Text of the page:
When I read Paul Starobin’s recent article “Why Russia’s Post-Putin Future May Not Be Democratic”, I couldn’t help but disagree with his skeptical assessment of the political inclinations of the Russian people. Indeed, having just recently returned from that country, where I was working as a long-term elections observer for the Organization for Security and Cooperation in Europe (OSCE), I can attest that Russians are far more interested in liberal democracy than Mr. Starobin suggests. Mr.
April 21, 2010
What, you ask, is going on? The honest answer is that no one in Britain really knows what is happening with our election.
Public Distrust Of Government Will Not Shrink Government
April 19, 2010
Tyler Cowan makes an interesting point -- countries have had success in cutting spending when the public trusts the government: The received wisdom in the United States is that deep spending cuts are politically impossible. But a number of economically advanced countries, including Sweden, Finland, Canada and, most recently, Ireland, have cut their government budgets when needed. Most relevant, perhaps, is Canada, which cut federal government spending by about 20 percent from 1992 to 1997.
The Health Care Repeal Fantasy
March 09, 2010
National Review editor Rich Lowry makes the case that Republicans can repeal health care reform if it passes: Obama's original choice for health-care czar, Tom Daschle, warned Democrats long ago that bulldozing reform through on a narrow basis would make it liable to repeal. He cited the example of Australia, where reforms were passed, repealed, and passed again throughout the 1970s and 1980s.
Our War, The President's War, This Is a War for Civilization
December 03, 2009
The Places In Between was my introduction to Afghanistan. Published in 2006, it was written by Rory Stewart, who at age 36 has already lived a life at once so adventurous and so quirky to defy easy narrative. He will soon take a safe (Tory) seat in the British parliament and rise quickly in the ranks, so quickly that he will still be thought young when he ascends to 10 Downing Street. Why not? (Rory is the second of my friends who is thought to be the future prime minister of an American ally, the first being Michael Ignatieff, Liberal Party aspirant in Ottawa.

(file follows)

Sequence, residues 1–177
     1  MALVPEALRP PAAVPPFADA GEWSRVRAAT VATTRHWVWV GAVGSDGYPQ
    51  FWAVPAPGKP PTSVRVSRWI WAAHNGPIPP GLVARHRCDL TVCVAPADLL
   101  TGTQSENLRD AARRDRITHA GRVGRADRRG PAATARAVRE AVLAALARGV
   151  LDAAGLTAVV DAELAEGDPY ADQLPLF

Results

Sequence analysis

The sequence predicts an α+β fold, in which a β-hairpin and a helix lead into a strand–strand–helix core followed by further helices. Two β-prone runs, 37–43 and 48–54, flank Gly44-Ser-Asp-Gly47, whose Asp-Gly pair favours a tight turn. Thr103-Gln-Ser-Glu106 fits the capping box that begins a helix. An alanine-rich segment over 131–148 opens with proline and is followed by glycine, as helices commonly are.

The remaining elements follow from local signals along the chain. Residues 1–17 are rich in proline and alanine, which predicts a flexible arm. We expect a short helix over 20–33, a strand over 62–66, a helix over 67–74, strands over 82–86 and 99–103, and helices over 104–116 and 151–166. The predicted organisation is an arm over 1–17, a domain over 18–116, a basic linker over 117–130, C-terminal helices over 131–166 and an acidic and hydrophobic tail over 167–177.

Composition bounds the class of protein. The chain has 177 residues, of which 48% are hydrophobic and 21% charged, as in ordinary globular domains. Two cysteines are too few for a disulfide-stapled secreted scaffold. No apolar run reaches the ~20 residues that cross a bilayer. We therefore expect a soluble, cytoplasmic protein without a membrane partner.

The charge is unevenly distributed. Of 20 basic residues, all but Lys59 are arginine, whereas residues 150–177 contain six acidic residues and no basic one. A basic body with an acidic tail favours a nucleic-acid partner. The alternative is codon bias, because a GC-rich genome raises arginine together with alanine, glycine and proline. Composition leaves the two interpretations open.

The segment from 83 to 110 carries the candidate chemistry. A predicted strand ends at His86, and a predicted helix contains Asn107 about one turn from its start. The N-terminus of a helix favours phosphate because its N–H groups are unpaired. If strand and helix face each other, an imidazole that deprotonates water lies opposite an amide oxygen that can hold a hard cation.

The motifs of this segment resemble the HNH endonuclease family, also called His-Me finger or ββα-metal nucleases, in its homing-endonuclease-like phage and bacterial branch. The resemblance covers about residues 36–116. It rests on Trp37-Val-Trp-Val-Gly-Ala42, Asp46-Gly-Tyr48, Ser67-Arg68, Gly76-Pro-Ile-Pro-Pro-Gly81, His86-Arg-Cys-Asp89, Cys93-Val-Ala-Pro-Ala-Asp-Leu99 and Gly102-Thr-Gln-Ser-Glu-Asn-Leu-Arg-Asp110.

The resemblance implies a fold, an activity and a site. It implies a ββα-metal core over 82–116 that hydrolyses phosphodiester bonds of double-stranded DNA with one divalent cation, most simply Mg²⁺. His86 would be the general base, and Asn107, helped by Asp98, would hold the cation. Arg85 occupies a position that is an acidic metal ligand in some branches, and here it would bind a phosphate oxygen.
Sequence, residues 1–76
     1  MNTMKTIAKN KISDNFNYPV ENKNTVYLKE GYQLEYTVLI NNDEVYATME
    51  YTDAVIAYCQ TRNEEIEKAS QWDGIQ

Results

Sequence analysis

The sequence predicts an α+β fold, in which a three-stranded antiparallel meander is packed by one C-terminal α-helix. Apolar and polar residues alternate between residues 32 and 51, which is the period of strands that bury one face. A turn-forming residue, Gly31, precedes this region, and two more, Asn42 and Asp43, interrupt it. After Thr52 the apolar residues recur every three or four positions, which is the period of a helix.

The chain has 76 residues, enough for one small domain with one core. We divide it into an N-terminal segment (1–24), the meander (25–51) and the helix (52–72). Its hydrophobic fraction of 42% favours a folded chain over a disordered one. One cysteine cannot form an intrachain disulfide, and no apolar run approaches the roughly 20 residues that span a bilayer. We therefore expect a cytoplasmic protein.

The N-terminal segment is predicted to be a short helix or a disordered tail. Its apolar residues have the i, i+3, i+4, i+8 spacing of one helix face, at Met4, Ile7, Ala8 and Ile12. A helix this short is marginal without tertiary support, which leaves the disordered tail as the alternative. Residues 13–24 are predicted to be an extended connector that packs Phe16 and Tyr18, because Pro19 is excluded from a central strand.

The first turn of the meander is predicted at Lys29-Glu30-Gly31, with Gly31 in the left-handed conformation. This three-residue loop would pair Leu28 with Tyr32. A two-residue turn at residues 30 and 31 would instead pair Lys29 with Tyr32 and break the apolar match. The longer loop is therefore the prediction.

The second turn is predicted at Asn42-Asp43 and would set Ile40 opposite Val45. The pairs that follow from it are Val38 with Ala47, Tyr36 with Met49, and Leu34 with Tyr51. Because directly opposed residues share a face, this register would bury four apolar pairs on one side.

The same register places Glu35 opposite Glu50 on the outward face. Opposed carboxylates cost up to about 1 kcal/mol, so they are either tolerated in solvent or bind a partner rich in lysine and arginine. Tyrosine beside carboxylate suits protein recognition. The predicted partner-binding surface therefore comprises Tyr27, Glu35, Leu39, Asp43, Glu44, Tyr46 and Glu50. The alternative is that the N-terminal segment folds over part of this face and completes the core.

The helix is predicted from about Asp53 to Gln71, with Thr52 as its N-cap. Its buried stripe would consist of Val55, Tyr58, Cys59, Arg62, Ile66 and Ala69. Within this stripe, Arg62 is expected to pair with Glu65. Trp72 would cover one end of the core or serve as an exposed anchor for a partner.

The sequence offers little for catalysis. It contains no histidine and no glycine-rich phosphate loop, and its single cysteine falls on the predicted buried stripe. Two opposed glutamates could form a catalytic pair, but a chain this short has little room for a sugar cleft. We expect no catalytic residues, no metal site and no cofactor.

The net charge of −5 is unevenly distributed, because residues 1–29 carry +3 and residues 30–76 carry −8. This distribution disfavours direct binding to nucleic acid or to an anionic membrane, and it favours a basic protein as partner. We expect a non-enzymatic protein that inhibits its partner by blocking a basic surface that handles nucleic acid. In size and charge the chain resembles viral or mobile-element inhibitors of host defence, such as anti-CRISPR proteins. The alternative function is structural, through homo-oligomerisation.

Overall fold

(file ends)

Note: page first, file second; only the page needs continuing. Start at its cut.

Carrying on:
Hey! A Worthwhile Canadian Initiative... That Just Died.
October 16, 2008
I'm late getting to the Canadian elections, but the conventional wisdom is that the Liberal Party lost big yesterday because of leader St
December 18, 1995
He's been called Bill Clinton's smarter younger brother. The best Tory tacticians are terrified of him. At lunch-tables round Westminster, the prime minister's allies whisper about the looming electoral slaughter. As business leaders defect and opinion polls give Labour a stratospheric lead, there is now a fixed assumption in Britain that the next prime minister will be Tony Blair. A young-looking 43, he is a slim but strongly built man whose fast smile and self-deprecating patter convey the impression of relentless, perpetual movement.
December 18, 1995
By all measures, Gordon Brown’s Labour Party is going to be trounced at the British polls next month by either the Tories or the newly ascendant Liberal Democrats (or both). With Brown’s popularity lagging, it’s easy to forget that the Labour Party once represented an exciting modern progressive party—particularly back when Tony Blair was on his way to becoming prime minister, and he and Brown were heralded as the party's future.